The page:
ORU_2014_Adolphus_01We no longer breed the Orust. This page is for informational purposes only.

We have cared for Orusts since December 2014 and very much like them. We have found them to be (as befits a Scandihoovian chicken) cold hardy and (as advertised) good foragers. In the latter category, however, Greenfire seriously undersold them. They are phenomenal foragers. Into all of our breeding pens we toss first-cut hay, both for the chickens to play with and also for food. In many pens, the hay is soon covered by a thick layer of dung. Not so in the Orusts’! Their incessant churning of the hay and scat produces a fine and useful compost. If you are serious about using a chicken tractor to till your garden, this is the bird to populate it with.


The Orust is not without its deficiencies. We noticed a high incidence of crossed beaks in the chicks, both in the stock we acquired from Greenfire and in the chicks we have hatched, but this problem has disappeared as we have curated our flock.  Moreover, the males or, better said, our principal male, Adolphus, are very aggressive. Appleworm knows all about fiesty birds, as our hands and forearms bear scars from the various poorly trained gamecocks we have acquired over the years. We suspect that Oroosters, like gamecocks, can be tamed by handling. So, if you really want to breed these birds, be prepared to commit yourself to a long-term personal relationship with the smallest stud of your life. Finally, several of the Orusts’ distinctive traits are not true bred: Their legs are occasionally yellow, not white, and the Indian-corn patterning in some is not as pronounced as we would like.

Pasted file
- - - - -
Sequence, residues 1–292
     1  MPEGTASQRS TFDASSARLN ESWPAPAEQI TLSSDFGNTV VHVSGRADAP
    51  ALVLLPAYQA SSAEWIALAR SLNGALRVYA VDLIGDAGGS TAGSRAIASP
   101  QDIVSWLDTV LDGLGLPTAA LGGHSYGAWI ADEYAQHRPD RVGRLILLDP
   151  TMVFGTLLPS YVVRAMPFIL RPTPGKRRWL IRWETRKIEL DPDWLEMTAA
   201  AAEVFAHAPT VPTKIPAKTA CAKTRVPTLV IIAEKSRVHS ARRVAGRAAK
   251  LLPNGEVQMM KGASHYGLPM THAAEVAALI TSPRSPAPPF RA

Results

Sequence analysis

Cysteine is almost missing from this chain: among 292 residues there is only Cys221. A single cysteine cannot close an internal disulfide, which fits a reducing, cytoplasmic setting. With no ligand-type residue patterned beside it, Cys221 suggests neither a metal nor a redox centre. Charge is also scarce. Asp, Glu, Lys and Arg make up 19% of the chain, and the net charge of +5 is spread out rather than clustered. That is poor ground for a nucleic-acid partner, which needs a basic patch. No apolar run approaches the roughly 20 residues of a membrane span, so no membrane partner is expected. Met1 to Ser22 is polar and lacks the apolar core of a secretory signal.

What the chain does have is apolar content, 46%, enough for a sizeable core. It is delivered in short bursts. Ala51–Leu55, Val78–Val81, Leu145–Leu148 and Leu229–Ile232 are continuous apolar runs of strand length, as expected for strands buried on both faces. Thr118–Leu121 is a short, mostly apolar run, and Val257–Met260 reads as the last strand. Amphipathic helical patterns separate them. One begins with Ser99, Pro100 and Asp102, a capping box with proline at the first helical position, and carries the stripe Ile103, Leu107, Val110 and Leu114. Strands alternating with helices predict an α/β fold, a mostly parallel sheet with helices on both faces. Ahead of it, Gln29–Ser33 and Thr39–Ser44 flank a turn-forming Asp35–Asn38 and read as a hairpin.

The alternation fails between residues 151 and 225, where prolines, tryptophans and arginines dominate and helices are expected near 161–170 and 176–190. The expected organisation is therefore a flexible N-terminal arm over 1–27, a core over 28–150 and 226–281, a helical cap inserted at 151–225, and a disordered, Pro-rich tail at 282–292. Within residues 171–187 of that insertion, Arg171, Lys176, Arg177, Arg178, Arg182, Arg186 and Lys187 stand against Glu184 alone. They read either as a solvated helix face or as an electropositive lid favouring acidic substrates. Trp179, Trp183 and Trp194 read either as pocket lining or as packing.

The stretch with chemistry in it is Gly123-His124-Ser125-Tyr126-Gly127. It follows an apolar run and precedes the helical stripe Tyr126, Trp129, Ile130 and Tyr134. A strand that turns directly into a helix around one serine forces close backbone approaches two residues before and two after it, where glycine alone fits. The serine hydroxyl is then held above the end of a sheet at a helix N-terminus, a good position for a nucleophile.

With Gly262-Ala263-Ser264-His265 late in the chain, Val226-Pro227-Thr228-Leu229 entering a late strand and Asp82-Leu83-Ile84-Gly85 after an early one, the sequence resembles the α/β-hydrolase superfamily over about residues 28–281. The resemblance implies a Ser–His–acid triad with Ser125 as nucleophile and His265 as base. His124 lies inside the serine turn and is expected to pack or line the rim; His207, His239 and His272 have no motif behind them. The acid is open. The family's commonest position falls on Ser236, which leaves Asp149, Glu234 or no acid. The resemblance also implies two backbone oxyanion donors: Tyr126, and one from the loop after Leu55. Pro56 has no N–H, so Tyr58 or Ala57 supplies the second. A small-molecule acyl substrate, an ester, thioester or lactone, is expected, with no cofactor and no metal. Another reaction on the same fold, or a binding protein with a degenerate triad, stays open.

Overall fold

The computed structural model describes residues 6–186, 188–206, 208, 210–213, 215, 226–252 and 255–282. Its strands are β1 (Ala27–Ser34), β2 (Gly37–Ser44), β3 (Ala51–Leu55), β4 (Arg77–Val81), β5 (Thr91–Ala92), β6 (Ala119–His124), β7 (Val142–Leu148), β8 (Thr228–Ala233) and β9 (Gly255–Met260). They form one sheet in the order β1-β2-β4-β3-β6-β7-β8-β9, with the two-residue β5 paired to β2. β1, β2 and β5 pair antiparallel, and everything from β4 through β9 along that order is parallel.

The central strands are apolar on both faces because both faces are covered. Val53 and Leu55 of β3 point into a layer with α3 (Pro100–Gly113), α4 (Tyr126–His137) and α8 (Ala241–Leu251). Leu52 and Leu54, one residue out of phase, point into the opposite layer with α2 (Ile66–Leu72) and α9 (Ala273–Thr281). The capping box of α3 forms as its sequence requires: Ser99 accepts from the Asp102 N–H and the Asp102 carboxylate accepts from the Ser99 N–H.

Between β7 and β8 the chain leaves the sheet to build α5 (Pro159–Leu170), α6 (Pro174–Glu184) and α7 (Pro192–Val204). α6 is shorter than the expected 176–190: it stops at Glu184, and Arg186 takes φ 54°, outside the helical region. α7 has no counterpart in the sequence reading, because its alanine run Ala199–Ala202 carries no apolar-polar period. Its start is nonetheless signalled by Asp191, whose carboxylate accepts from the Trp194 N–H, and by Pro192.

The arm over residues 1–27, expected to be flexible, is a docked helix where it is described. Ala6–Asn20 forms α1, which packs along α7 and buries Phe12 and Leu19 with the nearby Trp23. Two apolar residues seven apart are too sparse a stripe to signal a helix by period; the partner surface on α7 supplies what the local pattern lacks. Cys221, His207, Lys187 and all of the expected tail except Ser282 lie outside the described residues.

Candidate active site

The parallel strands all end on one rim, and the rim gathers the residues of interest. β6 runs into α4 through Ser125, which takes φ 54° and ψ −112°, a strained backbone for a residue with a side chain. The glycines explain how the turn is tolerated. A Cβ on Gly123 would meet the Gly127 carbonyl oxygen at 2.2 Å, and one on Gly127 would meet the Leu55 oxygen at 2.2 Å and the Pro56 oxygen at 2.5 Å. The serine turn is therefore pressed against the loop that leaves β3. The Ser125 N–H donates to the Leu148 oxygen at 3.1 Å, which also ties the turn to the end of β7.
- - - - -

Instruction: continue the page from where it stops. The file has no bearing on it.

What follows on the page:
To mitigate some of these flaws (crossed beaks, depressed vigor, and yellow legs), we have aggressively culled our stock and are avoiding brother-sister mating. Our flock began in December 2014 with three yearling roosters pulled from Greenfire’s broodpen (all hatched from the eggs that Greenfire imported in 2013) and about 18 chicks sired by their brothers. We culled our three roosters down to one — an exceedingly vigorous specimen — and selected the three best pullets grown from that initial clutch. As their chicks hatch, we dispatch those with crossed beaks; as they grow, we cull those that fail to thrive; and, once leg color becomes apparent, we find the yellow-legged pullets new homes.


The photos on this page are of Adolphus, named after the bellicose Swedish monarch (Gustavus Adolphus), our Bavarian great-great-grandfather (Phillip Adolph Zang), and the evil Austrian with the silly mustache.